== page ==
Mull Historical Society released three well-received albums' worth of low-key but commercially accessible indie pop in the early 2000s before splitting. Though the band maintained a fairly consistent touring lineup, singer, songwriter, and keyboardist Colin MacIntyre has since claimed that Mull Historical Society was always nothing more than a solo project, and considers The Water his fourth album rather than a solo debut. This is not entirely musically accurate: the first album on which MacIntyre works with an outside producer (Nick Franglen of Lemon Jelly), The Water sounds distinctly different from the three Mull Historical Society albums. Unfortunately, it also sounds distinctly inferior. The Water starts off with four deadening midtempo tunes that lack the energetic spark and musical invention of Mull Historical Society's best work, and sound like MacIntyre is now making a concerted effort to appeal to the Coldplay-loving mum rock crowd. The album is fully one-third over before the first memorable tune kicks in; the peppy "Famous for Being Famous" is certainly more like it, a spunky, snarky rocker with a decidedly new wave edge, and later on, the Todd Rundgren-like "Stalker" and the noisy, cranky "Future Gods and Past Kings" make a late stab at increasing the album's overall energy level, but those three songs aside, The Water is just one enervating plod after another, all of them with an unpleasant edge of "I am a serious artist" pomposity. One of the album's late songs may be called "Faith No. 2," but if Colin MacIntyre were really George Michael (another solo artist who ditched the fiction of a group identity after a while), this would be his Listen Without Prejudice, Vol. 1.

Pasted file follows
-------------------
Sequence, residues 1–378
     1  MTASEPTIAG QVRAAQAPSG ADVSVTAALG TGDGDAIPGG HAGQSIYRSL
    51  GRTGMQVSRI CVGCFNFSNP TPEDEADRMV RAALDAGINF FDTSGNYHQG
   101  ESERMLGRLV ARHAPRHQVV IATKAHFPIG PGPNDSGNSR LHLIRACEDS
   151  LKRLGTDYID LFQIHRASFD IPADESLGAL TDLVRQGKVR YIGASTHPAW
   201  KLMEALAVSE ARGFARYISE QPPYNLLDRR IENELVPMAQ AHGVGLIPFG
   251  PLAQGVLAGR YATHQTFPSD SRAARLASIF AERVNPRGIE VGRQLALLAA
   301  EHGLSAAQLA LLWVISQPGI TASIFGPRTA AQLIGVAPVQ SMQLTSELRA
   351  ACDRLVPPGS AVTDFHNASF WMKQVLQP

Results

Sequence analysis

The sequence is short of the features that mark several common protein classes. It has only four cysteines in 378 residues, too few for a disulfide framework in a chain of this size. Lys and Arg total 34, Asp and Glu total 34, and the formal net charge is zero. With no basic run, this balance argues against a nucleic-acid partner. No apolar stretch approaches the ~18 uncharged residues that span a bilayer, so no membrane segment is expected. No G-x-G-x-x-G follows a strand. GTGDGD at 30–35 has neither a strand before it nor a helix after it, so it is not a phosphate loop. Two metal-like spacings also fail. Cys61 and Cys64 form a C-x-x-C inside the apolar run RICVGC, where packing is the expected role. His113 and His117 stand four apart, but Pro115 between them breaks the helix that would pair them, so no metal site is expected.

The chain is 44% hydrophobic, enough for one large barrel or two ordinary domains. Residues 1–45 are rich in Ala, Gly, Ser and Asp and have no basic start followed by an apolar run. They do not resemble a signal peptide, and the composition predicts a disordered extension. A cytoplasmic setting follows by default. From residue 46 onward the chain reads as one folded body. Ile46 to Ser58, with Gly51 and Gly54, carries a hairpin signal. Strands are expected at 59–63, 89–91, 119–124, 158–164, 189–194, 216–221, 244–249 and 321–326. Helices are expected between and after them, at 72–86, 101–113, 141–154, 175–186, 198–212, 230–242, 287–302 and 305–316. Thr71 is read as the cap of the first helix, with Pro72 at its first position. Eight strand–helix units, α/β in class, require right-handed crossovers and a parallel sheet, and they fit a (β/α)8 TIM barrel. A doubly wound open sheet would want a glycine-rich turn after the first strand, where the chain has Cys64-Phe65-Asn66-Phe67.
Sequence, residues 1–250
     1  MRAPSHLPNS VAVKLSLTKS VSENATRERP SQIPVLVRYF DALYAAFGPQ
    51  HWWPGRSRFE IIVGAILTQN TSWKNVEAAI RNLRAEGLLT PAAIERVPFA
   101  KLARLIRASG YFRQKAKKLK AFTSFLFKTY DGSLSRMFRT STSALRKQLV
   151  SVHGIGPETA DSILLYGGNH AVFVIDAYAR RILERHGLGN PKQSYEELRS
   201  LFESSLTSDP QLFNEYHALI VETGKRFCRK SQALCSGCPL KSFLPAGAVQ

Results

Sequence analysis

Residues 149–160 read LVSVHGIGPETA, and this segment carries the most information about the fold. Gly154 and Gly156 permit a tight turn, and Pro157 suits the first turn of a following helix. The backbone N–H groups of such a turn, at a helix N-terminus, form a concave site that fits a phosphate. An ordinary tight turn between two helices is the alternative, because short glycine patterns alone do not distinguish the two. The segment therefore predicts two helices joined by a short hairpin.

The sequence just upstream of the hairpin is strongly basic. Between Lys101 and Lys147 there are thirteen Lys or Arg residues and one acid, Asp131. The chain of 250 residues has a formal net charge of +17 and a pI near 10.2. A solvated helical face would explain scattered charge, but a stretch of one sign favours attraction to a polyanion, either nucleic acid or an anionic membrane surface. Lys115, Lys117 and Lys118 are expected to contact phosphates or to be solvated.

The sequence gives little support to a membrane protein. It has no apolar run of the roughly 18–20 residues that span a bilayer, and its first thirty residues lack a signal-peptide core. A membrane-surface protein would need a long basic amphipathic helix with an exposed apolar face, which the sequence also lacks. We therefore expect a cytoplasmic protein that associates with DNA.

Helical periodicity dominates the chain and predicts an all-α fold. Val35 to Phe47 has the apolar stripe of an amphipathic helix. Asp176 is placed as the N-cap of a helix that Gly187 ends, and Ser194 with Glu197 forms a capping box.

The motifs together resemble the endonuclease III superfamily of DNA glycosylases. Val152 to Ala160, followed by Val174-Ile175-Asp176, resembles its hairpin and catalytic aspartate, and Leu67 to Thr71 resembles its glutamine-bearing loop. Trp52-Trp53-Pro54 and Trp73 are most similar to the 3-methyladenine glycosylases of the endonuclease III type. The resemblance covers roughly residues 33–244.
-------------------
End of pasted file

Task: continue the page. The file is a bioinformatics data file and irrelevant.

AllMusic Review by Stewart Mason
feat: Tony Benn